Broader stakeholder interests triumphed in 2014
Like most of us at this time of year, I’m inclined to take stock and review the highs and lows, the shining triumphs as well as the bitter disappointments. A running theme in Corporate Secretary in 2014 has been the need to pay attention to a broader range of stakeholders beyond investors.
Our Summer issue’s cover story discussed the value of investing in employees’ development – including helping them map out career paths – from a governance perspective. In it, I cited an 80-year tradition at McCormick of assigning employees at various levels to active learning projects that the food manufacturer believes translate employee engagement into the greater good. ‘The two-for-one spirit is something we talk about in the firm, meaning that if you think twice for the company, the company will think twice for you,’ said Eric Barger, vice president of global talent management. Imagine how such an ownership mentality could strengthen compliance at most companies.
An article I wrote about creating civil workplace cultures that appeared in our September special report on ethics and compliance reported higher employee engagement at companies that invest in creating a culture that clarifies the kind of behavior that gets rewarded or punished, and the kind that won’t be tolerated. As Sharon Parella, a partner at Thompson Hine and champion of anti-bullying programs, explained, an ethical culture inspires among employees ‘greater trust that their company is a place they may want to spend more of their careers.’ Brown-Forman’s chief diversity officer, Ralph de Chabert, said he sees civility training as part of a workplace culture that supports his work by helping to ‘create an environment where everyone can bring his or her best self to the workplace and maximize his/her contribution.’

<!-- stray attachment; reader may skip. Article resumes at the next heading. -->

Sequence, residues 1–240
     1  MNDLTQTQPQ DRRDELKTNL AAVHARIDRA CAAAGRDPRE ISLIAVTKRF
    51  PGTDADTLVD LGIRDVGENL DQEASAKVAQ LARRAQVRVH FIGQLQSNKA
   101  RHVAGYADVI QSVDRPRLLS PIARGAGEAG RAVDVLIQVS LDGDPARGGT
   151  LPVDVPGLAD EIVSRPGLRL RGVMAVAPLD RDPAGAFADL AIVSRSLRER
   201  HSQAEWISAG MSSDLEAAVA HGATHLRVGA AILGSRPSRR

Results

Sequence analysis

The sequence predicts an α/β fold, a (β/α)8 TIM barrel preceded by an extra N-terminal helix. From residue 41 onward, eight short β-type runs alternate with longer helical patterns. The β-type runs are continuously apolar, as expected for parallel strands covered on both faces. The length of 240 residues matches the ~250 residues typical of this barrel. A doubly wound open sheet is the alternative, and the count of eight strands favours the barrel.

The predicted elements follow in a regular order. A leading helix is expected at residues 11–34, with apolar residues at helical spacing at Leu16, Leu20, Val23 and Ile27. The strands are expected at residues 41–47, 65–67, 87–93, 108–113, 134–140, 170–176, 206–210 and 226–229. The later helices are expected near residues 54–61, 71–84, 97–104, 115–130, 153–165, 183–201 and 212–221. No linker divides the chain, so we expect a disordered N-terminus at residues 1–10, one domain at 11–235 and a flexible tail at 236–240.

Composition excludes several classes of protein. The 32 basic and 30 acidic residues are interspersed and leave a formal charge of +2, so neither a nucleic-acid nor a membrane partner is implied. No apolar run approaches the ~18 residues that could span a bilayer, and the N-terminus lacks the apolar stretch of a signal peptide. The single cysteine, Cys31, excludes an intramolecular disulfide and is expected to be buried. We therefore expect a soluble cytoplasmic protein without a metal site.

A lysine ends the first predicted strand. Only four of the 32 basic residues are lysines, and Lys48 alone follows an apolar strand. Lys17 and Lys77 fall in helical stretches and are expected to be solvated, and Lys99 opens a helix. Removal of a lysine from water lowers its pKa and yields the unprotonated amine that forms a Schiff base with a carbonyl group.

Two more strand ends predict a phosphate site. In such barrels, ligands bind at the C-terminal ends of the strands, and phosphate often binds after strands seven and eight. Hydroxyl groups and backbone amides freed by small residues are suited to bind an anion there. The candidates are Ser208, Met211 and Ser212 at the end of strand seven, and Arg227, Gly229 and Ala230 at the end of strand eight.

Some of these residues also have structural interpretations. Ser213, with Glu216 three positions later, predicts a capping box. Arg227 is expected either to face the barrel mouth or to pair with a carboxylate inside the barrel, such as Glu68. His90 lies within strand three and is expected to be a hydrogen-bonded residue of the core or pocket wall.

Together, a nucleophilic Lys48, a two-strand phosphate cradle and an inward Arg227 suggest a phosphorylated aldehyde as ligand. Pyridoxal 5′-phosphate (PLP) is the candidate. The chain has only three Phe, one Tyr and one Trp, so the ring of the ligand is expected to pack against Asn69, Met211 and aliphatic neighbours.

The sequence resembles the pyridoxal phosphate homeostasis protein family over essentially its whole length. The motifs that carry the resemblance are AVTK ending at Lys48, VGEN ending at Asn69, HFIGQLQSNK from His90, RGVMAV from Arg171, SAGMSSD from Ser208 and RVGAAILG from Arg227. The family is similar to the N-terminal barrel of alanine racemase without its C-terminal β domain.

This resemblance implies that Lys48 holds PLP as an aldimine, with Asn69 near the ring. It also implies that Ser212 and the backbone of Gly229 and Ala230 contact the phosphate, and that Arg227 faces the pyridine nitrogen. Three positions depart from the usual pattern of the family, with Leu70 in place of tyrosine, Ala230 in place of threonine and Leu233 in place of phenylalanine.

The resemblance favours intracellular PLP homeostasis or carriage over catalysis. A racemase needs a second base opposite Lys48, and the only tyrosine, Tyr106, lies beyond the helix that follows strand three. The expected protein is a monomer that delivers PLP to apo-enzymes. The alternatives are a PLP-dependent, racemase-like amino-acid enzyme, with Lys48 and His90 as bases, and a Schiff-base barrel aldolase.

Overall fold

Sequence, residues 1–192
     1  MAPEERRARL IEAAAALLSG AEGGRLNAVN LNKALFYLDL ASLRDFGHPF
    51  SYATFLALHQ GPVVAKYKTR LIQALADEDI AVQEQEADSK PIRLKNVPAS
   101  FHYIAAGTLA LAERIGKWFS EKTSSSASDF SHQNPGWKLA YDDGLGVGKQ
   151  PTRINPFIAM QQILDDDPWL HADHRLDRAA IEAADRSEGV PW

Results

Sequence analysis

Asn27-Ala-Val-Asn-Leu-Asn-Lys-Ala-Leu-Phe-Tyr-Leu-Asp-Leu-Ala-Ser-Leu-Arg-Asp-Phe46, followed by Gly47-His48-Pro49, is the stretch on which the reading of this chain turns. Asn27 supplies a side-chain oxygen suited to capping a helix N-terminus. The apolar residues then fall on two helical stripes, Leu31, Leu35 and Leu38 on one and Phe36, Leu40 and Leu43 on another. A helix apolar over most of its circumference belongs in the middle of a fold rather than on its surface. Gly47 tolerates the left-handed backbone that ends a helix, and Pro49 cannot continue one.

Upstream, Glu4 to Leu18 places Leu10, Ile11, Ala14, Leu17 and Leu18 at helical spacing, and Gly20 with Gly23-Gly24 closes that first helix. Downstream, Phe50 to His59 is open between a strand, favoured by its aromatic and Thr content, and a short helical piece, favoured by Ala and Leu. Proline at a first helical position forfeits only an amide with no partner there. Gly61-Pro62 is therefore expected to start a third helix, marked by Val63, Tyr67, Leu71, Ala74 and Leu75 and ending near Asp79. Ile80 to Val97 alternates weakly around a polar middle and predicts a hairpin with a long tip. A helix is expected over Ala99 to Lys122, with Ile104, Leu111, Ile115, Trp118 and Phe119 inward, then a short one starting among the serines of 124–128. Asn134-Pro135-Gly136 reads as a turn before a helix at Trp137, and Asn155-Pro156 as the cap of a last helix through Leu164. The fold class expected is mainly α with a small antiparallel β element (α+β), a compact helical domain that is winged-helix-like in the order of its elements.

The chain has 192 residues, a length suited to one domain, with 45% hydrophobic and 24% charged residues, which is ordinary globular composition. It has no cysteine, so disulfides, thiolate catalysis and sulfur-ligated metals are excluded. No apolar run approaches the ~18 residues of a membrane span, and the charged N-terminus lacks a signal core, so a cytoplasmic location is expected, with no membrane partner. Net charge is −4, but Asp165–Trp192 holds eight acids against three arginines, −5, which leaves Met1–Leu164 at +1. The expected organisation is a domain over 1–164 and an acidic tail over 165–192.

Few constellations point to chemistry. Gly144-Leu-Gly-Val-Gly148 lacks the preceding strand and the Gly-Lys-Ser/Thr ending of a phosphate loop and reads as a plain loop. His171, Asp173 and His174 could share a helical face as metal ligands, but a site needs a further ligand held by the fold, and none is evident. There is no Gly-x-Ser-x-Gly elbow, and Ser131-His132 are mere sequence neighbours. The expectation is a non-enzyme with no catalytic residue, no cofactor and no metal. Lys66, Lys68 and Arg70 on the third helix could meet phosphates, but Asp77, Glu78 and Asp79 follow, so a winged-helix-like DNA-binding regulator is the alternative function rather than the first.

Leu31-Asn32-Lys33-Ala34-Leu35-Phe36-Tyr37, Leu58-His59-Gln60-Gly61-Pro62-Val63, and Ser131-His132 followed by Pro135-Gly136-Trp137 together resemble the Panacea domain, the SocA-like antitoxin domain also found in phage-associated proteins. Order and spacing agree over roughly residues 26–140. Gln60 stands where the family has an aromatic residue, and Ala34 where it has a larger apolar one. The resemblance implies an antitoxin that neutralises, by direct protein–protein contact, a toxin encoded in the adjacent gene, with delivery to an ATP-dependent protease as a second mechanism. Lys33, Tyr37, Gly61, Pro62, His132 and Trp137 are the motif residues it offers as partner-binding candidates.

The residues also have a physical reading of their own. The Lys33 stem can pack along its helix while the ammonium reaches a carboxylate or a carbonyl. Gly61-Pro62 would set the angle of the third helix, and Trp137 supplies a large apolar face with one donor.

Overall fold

Mars, Southwest Air Lines and a growing list of other companies have embraced the idea that making employees their top priority affects how engaged employees are in their work, how well they take care of customers and, ultimately, how strong the company’s business results are.
In Boston earlier this week, friends told me that one of the high points noted by local media in their annual look-back was the victory by employees and customers of Market Basket, whose 10-week walkout and boycott convinced the family-run board to sell their majority share of the private company to their cousin, former CEO Arthur T Demoulas. As I said in an August newsletter, it was Arthur T’s ouster as CEO in June by the board, led by his cousin Arthur S Demoulas – in part for opposing a special dividend that would have drained the company’s cash surplus – that sparked the walkout/boycott.
Market Basket’s prices are lower than Walmart’s and the starting wage it pays workers is notably higher than the state’s minimum. Nor did it take a union to compel the New England grocery chain to provide profit-sharing, bonuses and a 401(k) plan to employees. These factors are largely responsible for the loyalty shown by Market Basket’s employees at all levels and by customers in opposing the board’s removal of Arthur T. That’s an impressive force and one most CEOs could only dream of inspiring.
We’ll expand on this theme of looking beyond shareholder interests for best practices in governance in 2015. Our February special report on shareholder engagement will feature a story on how companies are increasingly engaging with a broader range of stakeholders, including local communities, to address sustainability concerns.
Thanks for your interest and support this year and best wishes for improved governance policies and practices in the new year!